Another Downton Day in America. This week’s episode S3E3 (E1 & E2 were shown on Masterpiece last week) of Downton Abbey led us on an emotional roller coaster. First it was happy days for fans as Edith’s wedding was sure to be more fun than Mary’s and perhaps we would actually see a wedding reception this time around. Meanwhile, Downton was in ruin and the Crawleys were sent off searching for a new home. In the end, the tables are turned: wedding goes down in flames, while Daisy saves the day by remembering that Lavinia had given her a letter to post explaining to her father that Matthew belonged to Mary and not her. I am still not quite sure how or why one would write a letter like that, or how Reggie managed to have amassed a fortune while Lavinia went under cover for Sir Richard to clear a huge debt that he held over her father. Regardless, Matthew can now claim the fortune to help save the day.
We didn’t see much of Mary’s wedding but Edith’s seem to be more familiar and modern by our standards even if she only had a month to prepare. For me, the best part of the episode is when our favorite Downton servants are treated to an extravagant meal of Edwardian classics, many of which were dishes served in 1st Class on Titanic. I cooked through that ambitious menu (menu and recipe links here) in honor of the 100th anniversary of the tragic sinking so recognized the salad and duck instantly. I am sure that these menu choices were reflective of Julian Fellowes keen interest in Titanic, but perhaps was also meant to foreshadow the catastrophe at the altar.
Shame to let such great food go to waste, as the Dowager quipped “if the poor don’t want it you can bring it over to me.” Some was sent to the poor and appetizers were served in the servants hall. Still, it would have been a new experience for servants. The kitchen and serving staff would recognize these dishes, having prepared them for their employers. However, their normal diet consisted of heartier meals, which we now associate with “pub food”. Alfred thought them to be “pickelty bits” and was more interested in having some cheese. Out of the mouths of babes.
Here are links to the dishes mentioned: scroll down to the bottom of the page to get the recipe.
- Oysters a la Russe (Titanic)
- Calvados Glazed Duck (Titanic)
- Asparagus Salad with Saffron Vinaigrette (Titanic)
- Lobster Rissoles with Mousseline Sauce (sauce with salmon served on Titanic)
- Truffled Eggs on Toast
Lobster Rissoles with Mousseline sauce
As you might expect in a recipe served at Downton, the dish is French and it is traditionally wrapped up in a pastry like a turnover and then deep fried. “Rissole” comes from the Latin russeola, “reddish paste,” a reference to the appearance of the filling. A relative of croquettes, in other parts of the world they aren’t wrapped in pastry. Insteasd they are coated in breadcrumbs. A crab cake would be considered a rissole.
You can simply mix chopped lobster with a bit of onion and few spices and call it a day, but try this vintage recipe which incorporates the healthy components of dates and figs to up your game. These are baked not deep fried. The egg wash does a great job of sealing in the pastry so that it flakes in your mouth not in your hands (or carpet).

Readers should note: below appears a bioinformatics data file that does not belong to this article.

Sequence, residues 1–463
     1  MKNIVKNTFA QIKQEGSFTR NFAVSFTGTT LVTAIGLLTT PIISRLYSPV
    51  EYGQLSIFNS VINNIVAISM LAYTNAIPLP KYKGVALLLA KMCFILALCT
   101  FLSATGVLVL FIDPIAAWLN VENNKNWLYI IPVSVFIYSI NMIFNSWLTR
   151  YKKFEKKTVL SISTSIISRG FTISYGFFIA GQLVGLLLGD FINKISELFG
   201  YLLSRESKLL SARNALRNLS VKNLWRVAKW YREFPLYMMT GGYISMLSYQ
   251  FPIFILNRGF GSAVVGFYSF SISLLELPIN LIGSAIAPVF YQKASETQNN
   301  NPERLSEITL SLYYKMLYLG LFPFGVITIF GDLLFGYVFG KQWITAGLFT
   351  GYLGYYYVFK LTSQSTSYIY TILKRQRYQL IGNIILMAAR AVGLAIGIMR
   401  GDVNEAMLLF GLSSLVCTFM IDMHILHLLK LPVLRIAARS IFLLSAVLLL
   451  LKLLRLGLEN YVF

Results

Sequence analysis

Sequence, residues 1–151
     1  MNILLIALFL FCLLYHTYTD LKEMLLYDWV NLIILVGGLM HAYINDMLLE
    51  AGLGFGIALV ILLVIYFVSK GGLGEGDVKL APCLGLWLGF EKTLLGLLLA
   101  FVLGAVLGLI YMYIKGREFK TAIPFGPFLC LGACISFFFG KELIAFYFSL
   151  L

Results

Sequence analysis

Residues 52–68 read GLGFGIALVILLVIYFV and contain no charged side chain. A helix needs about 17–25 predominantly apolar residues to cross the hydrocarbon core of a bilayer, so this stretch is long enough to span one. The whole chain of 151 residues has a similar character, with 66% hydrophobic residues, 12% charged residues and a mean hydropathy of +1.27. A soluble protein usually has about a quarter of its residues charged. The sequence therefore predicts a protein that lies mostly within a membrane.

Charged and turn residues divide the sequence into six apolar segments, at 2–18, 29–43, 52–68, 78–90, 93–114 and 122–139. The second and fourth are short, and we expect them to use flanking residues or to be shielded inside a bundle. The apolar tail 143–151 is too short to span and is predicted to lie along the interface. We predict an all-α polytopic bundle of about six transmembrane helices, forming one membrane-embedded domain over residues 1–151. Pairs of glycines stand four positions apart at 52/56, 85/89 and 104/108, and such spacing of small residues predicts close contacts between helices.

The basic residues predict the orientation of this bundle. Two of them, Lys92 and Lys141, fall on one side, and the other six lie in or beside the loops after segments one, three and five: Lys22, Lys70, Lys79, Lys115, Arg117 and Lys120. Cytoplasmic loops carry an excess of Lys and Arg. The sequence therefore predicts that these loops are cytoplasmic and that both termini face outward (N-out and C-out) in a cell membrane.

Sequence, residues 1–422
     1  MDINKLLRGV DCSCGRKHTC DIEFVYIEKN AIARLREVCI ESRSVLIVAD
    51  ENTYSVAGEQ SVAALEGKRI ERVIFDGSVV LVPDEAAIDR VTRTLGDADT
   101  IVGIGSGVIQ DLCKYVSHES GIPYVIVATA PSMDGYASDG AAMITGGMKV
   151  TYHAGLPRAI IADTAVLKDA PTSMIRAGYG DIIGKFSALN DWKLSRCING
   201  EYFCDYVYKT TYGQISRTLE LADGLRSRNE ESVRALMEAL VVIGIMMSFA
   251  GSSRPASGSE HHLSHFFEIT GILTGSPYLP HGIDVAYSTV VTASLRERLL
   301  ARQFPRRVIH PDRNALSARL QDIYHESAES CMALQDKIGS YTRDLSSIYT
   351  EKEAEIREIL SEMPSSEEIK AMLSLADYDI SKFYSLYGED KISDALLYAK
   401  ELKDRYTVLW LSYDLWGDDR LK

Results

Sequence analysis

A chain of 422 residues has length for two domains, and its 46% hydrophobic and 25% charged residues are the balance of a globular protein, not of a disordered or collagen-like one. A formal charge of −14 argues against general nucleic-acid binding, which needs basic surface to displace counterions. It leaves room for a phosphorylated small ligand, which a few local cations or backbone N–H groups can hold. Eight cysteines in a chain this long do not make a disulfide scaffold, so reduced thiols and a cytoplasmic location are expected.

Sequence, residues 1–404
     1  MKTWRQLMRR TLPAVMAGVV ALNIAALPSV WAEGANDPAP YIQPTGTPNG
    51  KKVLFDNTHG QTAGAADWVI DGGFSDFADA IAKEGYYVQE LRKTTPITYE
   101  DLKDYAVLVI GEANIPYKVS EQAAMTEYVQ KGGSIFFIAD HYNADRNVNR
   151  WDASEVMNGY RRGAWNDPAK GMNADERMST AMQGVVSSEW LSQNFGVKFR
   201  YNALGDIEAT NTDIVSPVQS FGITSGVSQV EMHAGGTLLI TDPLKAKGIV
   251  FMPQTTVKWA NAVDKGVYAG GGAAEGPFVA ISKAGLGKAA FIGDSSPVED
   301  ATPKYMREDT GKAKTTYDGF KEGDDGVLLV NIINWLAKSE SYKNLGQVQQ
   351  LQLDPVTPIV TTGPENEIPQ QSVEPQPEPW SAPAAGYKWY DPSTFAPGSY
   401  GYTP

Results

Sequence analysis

Makes 10 – 15 appetizers depending on the size you make them
- 1 1/2 cups lobster meat, cooked and finely chopped (you can also use crab)
- 1/2 cup dates, finely chopped
- 1/2 cup dried figs, finely chopped
- 1 clove garlic, finely chopped
- 1/4 cup green onion*, finely chopped
- 1 tsp. fresh parsley, finely chopped
- 1/2 tsp. marjoram (or oregano), ground
- salt and freshly ground pepper to taste
- 1/2 recipe of my Pie Pastry, chilled, or 2 sheets of butter puff pastry
- 1 egg, slightly beaten for an egg wash
- Mousseline Sauce
- Preheat oven to 375 F.
- Mix together the first 7 ingredients in a medium sized bowl, adding salt and pepper to taste.
- Roll out dough. The pie pastry is a bit flaky so don’t roll too thin, but since puff pastry puffs make sure you do roll out quite thin. Decide if you want bite-sized rissoles (try a 2″ biscuit cutter, but stretch the dough a bit since it can be too tiny) but you will likely be happy using a standard 3″ biscuit cutter which will make a nice appetizer size with lots of filling. An empty tuna can works in a pinch as a cutter (Abbey Cooks improvise).
- Use a teaspoon to spoon some filling in the centre of the circle. Brush a little water along the edges to help the seal. Fold over and pinch to seal.
- Use a pastry brush and give a healthy wash of egg to help brown and seal the pastry.
- Place the rissoles on a parchment lined baking sheet and bake for 15- 20 minutes depending on the size. Since the ingredients are already cooked you really only need to ensure the pastry has browned up, both on the top and bottom.
- Serve warm or cold, with the mousseline sauce (lemon flavored cream sauce) as a dip.
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